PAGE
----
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Constantine's Sword

At once depressing and exhilarating
By ROB NELSON  |  May 28, 2008
3.5 3.5 Stars
constantineinside
Constantine's Sword

Scarier than Jesus Camp (and infinitely smarter), Oren Jacoby’s documentary film of Boston Globe columnist James Carroll’s 2001 book Constantine’s Sword casts Christianity as a lost ark raided by the worst bullies of history — from the title Roman emperor to both Bush presidents. It’s a film at once depressing and exhilarating — the latter for its mission to weaken anti-Semitic and anti-Islamic violence, and to reverse the US merger of church and state, by illuminating the sources. Carroll, a former priest, leads us on a tour of places where the Gospel has been read as a call to arms — from the US Air Force Academy in Colorado to Auschwitz and Rome. Although the film is necessarily talky even without approximating the detail in Carroll’s book, the vibrant cinematography by Bob Richman (My Architect) — combined with clips from Hollywood classics, religious and otherwise — keeps this philosophical and intellectual exercise visually compelling from moment to moment. 93 minutes | Coolidge Corner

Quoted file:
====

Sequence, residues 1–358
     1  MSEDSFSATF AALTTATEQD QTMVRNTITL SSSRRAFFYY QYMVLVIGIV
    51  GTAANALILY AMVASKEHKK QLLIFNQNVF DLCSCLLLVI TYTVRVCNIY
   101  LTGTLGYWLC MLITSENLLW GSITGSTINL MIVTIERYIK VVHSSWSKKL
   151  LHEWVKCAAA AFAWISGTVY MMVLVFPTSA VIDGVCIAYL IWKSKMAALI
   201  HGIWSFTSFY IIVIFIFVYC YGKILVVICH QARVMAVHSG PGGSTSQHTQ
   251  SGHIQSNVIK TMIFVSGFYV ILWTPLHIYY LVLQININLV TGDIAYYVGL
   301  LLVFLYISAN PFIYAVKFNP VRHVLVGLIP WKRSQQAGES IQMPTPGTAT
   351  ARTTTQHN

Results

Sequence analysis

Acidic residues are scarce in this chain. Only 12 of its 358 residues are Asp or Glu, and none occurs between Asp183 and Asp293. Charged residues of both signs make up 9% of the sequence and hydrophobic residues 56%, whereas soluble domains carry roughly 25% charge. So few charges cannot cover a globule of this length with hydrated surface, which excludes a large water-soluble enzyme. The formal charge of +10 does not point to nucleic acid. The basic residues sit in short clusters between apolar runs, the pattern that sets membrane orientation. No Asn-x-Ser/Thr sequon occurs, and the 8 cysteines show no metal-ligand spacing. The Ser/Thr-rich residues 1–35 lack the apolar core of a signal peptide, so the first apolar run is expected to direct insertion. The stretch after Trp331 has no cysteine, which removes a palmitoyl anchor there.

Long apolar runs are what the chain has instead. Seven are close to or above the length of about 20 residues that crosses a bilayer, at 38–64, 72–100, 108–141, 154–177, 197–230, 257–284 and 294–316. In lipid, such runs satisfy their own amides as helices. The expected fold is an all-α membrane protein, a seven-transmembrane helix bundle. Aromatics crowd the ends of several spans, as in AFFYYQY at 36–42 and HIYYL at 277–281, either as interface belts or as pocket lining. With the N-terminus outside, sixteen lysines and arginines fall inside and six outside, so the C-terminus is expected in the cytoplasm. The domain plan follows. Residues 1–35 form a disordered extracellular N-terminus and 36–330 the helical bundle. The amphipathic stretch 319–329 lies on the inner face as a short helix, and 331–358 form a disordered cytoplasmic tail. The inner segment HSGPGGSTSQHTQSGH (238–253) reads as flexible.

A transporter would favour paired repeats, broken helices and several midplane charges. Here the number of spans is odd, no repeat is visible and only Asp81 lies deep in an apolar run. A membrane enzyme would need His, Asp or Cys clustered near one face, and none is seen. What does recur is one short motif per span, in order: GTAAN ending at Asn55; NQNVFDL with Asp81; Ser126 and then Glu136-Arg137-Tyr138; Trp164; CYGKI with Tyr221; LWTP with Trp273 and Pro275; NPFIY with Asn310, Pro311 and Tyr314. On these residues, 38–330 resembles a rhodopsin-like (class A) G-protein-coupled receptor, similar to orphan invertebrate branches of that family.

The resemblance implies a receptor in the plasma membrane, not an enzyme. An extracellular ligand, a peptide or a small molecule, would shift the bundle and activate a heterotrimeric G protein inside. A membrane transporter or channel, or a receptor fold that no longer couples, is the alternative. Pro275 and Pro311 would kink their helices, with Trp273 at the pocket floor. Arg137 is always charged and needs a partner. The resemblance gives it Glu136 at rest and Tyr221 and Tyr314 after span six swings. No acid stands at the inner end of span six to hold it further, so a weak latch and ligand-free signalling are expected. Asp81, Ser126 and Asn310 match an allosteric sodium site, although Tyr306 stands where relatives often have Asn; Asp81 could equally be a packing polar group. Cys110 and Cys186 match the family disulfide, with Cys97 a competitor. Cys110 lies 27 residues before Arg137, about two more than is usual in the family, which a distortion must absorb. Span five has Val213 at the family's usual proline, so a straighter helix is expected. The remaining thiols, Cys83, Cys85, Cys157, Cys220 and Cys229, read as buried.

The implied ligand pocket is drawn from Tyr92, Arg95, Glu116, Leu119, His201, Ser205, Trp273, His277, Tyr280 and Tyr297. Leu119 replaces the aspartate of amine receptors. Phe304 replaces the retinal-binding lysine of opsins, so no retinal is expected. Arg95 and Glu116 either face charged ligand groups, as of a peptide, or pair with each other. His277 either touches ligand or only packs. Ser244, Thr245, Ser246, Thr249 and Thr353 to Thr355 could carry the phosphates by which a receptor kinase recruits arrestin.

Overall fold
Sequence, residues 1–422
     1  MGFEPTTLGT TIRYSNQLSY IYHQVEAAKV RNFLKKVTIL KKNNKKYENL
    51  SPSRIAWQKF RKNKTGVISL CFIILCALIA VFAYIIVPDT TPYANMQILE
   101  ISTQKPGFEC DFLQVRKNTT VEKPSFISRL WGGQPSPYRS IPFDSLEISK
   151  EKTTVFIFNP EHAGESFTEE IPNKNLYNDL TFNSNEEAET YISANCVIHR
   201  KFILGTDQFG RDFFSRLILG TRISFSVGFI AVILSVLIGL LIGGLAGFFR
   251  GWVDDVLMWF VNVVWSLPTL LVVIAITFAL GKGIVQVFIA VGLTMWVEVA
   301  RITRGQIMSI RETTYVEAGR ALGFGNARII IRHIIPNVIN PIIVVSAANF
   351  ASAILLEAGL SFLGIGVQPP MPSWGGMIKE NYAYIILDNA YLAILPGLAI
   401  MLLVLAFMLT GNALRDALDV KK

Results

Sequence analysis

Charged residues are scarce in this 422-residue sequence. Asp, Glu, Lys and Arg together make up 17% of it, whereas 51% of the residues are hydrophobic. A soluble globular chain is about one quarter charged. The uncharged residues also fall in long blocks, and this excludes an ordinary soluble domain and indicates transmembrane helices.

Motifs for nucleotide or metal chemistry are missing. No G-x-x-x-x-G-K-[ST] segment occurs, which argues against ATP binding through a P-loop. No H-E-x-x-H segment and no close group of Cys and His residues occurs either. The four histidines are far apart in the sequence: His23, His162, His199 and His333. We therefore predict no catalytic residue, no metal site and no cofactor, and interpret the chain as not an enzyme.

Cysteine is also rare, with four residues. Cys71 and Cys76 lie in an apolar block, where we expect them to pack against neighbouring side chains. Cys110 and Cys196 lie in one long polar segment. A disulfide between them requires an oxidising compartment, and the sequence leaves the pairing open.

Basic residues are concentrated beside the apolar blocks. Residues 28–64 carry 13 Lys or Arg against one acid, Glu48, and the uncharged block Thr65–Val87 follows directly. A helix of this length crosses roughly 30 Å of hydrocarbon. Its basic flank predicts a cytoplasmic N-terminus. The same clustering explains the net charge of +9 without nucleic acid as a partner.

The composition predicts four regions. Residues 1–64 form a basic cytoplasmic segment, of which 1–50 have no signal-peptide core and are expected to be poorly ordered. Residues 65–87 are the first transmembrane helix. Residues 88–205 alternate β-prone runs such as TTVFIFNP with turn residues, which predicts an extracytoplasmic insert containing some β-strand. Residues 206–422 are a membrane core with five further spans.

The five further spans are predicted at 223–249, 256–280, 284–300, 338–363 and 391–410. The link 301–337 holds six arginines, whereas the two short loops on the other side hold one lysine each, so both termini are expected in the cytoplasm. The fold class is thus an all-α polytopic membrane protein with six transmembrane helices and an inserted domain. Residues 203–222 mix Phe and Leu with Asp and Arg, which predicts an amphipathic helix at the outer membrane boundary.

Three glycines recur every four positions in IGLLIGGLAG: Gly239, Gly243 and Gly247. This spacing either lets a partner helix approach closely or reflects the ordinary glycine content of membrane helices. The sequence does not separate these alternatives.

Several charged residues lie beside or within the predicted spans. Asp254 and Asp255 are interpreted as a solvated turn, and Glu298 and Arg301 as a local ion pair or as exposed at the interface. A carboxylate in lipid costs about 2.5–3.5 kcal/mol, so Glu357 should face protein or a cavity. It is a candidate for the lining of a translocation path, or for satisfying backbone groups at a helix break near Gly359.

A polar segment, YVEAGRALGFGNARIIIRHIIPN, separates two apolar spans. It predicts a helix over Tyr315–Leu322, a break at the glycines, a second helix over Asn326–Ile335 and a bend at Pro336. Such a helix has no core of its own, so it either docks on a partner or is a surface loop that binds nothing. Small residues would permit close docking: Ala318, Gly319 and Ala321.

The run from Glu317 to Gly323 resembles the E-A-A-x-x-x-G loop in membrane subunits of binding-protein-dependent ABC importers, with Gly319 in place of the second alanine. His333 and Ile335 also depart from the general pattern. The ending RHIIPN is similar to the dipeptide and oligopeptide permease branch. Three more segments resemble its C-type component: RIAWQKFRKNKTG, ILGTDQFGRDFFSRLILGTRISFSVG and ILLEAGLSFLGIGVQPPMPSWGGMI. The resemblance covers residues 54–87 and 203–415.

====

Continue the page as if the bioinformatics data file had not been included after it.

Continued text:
Related: Missing in action, Catholic Tilt, Interview: James Carroll, More more >
  Topics: Reviews , Entertainment, Culture and Lifestyle, Religion,  More more >
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    Scarier than Jesus Camp (and infinitely smarter), Oren Jacoby’s documentary film of Boston Globe columnist James Carroll’s 2001 book Constantine’s Sword casts Christianity as a lost ark raided by the worst bullies of history.
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  •   HE’S HERE!  |  November 20, 2007
    I’m Not There is an apt name for a bio-pic with six Bob Dylans, none of them the real one.

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